Subterranean rivers of London

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The subterranean or underground rivers of London are the tributaries of the River Thames and River Lea that were built over during the growth of the metropolis of London. Since it is difficult to stop water from flowing downhill, the rivers now flow through underground culverts.[1]

Many London localities started their existence as small villages along these rivers, and their place names reflect their origin. In recent years, parts of some London rivers have been restored to their previous above-ground state, and in some cases fish have been reintroduced. In June 2008 outline plans to reinstate some underground rivers were published by the office of Mayor of London,[2] and in January 2009 a partnership between the Environment Agency, Natural England and the Greater London Authority set out a strategy for putting this into effect by creating the River Restoration Centre.[3][4]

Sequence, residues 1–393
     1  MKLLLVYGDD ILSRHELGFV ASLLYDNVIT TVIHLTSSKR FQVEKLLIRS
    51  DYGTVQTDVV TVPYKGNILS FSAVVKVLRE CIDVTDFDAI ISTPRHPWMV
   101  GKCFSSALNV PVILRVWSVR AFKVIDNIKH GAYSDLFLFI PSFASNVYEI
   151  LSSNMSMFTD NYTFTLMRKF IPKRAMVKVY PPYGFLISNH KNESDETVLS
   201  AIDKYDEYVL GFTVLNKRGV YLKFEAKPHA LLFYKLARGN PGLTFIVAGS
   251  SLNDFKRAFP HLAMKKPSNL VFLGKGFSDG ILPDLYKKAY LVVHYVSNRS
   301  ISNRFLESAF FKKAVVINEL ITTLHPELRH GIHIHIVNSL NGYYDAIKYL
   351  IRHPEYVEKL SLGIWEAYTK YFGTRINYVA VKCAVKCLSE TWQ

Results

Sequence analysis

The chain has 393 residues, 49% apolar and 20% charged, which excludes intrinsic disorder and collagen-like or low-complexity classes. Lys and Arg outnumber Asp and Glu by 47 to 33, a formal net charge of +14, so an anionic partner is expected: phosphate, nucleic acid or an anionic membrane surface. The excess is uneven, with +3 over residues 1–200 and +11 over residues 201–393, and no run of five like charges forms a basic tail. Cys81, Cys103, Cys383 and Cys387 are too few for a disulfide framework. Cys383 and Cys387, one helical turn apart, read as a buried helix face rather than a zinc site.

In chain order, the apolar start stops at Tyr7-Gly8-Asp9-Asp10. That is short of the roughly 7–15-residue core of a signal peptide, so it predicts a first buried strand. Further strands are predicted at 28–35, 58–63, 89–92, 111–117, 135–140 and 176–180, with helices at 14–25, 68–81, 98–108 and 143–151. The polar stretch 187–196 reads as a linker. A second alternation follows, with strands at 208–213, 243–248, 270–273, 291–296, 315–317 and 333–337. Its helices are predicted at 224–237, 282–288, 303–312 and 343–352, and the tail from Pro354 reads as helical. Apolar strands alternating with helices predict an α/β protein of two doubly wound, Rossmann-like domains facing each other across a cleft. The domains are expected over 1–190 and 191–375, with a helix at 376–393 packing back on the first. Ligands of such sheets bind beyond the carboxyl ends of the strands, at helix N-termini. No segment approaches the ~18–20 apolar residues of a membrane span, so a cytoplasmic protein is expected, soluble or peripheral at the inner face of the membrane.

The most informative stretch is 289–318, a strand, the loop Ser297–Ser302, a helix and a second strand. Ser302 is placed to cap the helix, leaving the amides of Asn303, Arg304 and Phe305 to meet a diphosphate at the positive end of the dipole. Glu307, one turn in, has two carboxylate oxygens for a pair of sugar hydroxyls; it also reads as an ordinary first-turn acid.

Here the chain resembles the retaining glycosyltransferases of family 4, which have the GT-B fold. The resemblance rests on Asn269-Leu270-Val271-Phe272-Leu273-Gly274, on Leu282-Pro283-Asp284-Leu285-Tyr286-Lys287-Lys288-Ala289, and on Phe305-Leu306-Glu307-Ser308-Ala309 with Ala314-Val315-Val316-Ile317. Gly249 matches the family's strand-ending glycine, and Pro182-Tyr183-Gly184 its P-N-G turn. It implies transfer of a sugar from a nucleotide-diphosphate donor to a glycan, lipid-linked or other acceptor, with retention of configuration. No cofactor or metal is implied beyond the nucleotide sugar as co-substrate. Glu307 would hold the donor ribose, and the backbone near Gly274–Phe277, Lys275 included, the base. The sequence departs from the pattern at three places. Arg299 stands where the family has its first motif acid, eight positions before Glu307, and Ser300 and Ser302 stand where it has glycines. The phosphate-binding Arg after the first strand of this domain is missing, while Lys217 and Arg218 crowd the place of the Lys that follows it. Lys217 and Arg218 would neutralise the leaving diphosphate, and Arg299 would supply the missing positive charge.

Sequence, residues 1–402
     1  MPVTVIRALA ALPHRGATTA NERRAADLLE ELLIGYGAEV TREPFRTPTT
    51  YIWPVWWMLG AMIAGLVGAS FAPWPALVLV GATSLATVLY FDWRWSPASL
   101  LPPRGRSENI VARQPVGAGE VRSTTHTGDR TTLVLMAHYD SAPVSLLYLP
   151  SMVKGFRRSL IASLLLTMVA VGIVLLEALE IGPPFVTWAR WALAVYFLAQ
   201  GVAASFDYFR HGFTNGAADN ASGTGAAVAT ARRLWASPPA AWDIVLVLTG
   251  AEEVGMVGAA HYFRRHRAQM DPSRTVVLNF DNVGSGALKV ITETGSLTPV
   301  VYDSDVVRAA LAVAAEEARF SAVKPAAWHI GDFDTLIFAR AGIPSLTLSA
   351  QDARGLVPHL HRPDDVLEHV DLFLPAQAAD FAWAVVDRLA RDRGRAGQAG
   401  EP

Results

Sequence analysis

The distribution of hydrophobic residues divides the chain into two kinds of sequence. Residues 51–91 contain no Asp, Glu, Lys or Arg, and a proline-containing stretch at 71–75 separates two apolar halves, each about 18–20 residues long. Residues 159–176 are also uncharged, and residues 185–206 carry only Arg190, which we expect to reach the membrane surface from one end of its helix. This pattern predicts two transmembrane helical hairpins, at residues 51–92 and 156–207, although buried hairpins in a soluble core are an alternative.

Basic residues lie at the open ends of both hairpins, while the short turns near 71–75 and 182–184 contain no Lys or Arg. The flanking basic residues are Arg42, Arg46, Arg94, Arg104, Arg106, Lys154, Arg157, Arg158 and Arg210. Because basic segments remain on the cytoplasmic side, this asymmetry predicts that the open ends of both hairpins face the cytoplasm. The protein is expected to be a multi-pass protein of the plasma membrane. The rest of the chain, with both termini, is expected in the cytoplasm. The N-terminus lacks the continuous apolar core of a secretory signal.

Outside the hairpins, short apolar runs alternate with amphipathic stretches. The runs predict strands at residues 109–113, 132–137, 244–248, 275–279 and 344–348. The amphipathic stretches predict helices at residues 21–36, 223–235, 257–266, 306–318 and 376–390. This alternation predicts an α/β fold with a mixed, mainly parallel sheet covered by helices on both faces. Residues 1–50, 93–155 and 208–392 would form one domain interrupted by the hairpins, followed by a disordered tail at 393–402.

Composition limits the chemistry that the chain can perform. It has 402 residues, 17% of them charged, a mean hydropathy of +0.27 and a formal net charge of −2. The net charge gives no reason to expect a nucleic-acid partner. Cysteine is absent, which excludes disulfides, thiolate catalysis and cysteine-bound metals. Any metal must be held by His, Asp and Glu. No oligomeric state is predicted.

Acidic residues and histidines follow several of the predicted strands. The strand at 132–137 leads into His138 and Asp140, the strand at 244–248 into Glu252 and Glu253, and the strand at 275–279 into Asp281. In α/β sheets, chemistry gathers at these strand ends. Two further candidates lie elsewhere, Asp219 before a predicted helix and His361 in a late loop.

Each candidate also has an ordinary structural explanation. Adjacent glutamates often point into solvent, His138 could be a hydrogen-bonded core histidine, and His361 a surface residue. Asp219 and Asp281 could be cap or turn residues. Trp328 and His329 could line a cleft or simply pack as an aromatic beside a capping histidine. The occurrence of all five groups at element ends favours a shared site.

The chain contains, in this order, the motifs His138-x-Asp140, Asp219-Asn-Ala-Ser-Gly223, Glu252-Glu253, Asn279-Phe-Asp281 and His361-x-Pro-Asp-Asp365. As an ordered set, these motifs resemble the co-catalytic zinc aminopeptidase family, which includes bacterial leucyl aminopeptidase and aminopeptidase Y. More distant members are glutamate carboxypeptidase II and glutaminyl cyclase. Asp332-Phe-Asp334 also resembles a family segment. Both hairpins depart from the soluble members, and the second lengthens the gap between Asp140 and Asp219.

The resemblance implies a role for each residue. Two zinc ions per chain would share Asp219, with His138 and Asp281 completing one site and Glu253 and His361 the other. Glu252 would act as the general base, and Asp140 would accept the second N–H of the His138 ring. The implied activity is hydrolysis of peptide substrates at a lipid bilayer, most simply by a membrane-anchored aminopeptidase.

Contents

Subterranean rivers in London

River Thames - north bank from east to west:

River Thames - south bank:

River Lea:

Langbourne

An article on London's Lost Rivers[6][7] mentions a Langbourne as running along Fenchurch Street, Lombard Street, and Sherbourn Lane, but gives no further details. This route looks unlikely, running parallel with, but in the opposite direction to, the Thames. Whatever it was, it has given its name to the Langbourn ward of the City of London. One possibility is that it was a medieval euphemism for the open sewers that ran along these streets.

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